"Stones into Schools": Empowerment in Afghanistan Book Review by scribbler

"Stones into Schools": Empowerment in Afghanistan
A review and analysis of Greg Mortenson's book "Stones into Schools".
# 153370 | 1,045 words | 4 sources | MLA | 2013 | US
Published on May 26, 2013 in Literature (American) , Political Science (U.S.) , Geography (General)

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The paper looks at Greg Mortenson's book "Stones into Schools" that details the author's first-hand experiences setting up schools for girls in remote regions of Pakistan and Afghanistan. The paper analyzes the themes of physical geography and cultural geography in this work and highlights Mortenson's belief that Americans are notoriously bereft of geographic knowledge and lack an understanding of geo-political boundaries and elements of culture. The paper also shows how Mortenson does not hide his criticism of American interventionist foreign policy and its military operations in Central Asia, and how he is characteristically unimpressed by the military might of the United States or its cultural hegemony. The paper then considers the impact of this book and discusses how it can shed light on several issues pertinent to understanding the world better.

Geographic Issues
Impact of Mortenson's Work

From the Paper:

"Physical geography is a running theme in Stones into Schools. For one, Mortenson's organization is exclusively dedicated to serving disenfranchised communities in rural regions of Pakistan and Afghanistan. Before Mortenson establishes a school in Lalander, the author explains his initial reluctance because the organization had focused on only those communities that were being systematically neglected and therefore prime targets for Taliban infiltration. The sheer remoteness and isolation of the regions that Mortenson describes highlights some of the key issues related to physical geography.
"It is not only isolation that is a key feature of the villages CAI serves; it is also their stark landscapes and their being prone to earthquakes. The earthquake, which is described as apocalyptic, has a symbolically earth-shattering effect on the author. Mortenson contemplates his role as an on-the-ground operative who must still go through with requisite fundraising activities in order to keep CAI and its schools running. The remoteness again becomes a salient feature of the physical geography as Mortenson describes the laborious rescue efforts following the earthquake.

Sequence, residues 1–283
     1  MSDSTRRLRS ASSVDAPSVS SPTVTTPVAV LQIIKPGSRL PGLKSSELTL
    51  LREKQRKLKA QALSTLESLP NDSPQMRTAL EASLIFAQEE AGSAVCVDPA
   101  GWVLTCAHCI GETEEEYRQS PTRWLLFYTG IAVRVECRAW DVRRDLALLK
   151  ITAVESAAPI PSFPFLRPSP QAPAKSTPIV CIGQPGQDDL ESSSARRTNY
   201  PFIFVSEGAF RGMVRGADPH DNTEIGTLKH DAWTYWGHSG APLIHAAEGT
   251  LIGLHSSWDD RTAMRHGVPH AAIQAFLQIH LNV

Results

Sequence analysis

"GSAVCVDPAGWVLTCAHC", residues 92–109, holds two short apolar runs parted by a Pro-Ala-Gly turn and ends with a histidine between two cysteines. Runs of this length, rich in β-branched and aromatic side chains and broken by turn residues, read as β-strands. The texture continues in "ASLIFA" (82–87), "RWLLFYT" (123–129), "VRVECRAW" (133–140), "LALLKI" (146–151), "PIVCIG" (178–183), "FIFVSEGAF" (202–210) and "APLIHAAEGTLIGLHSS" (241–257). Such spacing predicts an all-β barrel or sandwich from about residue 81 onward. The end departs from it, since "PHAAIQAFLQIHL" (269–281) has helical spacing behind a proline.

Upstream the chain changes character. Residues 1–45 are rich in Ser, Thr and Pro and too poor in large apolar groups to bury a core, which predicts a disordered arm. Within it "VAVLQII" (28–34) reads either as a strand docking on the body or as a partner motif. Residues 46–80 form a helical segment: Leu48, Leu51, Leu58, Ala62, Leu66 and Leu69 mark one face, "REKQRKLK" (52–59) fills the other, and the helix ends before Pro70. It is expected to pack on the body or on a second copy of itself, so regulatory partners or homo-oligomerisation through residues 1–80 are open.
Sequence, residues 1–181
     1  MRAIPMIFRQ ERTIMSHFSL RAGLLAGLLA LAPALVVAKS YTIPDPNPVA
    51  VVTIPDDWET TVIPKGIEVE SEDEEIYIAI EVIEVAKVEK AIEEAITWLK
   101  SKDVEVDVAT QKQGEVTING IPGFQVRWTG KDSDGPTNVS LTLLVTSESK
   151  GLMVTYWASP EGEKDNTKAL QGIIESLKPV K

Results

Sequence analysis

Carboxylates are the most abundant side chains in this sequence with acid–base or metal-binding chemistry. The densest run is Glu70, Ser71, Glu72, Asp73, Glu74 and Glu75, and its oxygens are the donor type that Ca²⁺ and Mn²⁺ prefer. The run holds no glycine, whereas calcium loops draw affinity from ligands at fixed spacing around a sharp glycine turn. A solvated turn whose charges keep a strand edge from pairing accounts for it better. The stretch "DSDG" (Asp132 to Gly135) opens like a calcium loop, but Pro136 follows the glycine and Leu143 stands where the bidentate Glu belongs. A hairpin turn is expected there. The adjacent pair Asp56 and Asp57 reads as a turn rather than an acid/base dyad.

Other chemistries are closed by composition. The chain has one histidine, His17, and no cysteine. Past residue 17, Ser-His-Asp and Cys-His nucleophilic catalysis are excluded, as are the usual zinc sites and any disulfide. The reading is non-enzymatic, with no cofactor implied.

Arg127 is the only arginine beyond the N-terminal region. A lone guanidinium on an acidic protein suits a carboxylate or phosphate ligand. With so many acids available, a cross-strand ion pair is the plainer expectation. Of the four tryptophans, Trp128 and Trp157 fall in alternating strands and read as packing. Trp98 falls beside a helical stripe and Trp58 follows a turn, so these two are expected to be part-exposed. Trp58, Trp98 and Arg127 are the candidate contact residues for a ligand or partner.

"Finally, physical geography is a fascinating feature of Central Asia for reasons that are best described by the incident in which the idea of the modern nation-state seems completely outmoded. Mortenson and his crew try to work in "one region so inaccessible that one Afghan official isn't sure that it doesn't belong to neighboring Tajikistan or China instead," (Maslin)."

Sample of Sources Used:

  • Dahlman, Carl, Bergman, Edward F. and Renwick, W.H. Introduction to Geography. 3rd Edition. New Jersey: Prentice-Hall
  • Maslin, Janet. "Personal Take on Public Projects in Two Devastated Lands." New York Times. 9 Dec 2009. Retrieved online: http://www.nytimes.com/2009/12/10/books/10book.html
  • Matthews, Jay. "Book review: 'Stones into Schools' by Greg Mortenson." Washington Post.com 20 Dec 2009. Retrieved online: http://www.washingtonpost.com/wp-dyn/content/article/2009/12/18/AR2009121801612.html
  • Mortenson, Greg. Stones into Schools: Promoting Peace with Books, Not Bombs, in Afghanistan and Pakistan. Viking, 2009.

Cite this Book Review:

APA Format

"Stones into Schools": Empowerment in Afghanistan (2013, May 26) Retrieved December 03, 2023, from https://www.academon.com/book-review/stones-into-schools-empowerment-in-afghanistan-153370/

MLA Format

""Stones into Schools": Empowerment in Afghanistan" 26 May 2013. Web. 03 December. 2023. <https://www.academon.com/book-review/stones-into-schools-empowerment-in-afghanistan-153370/>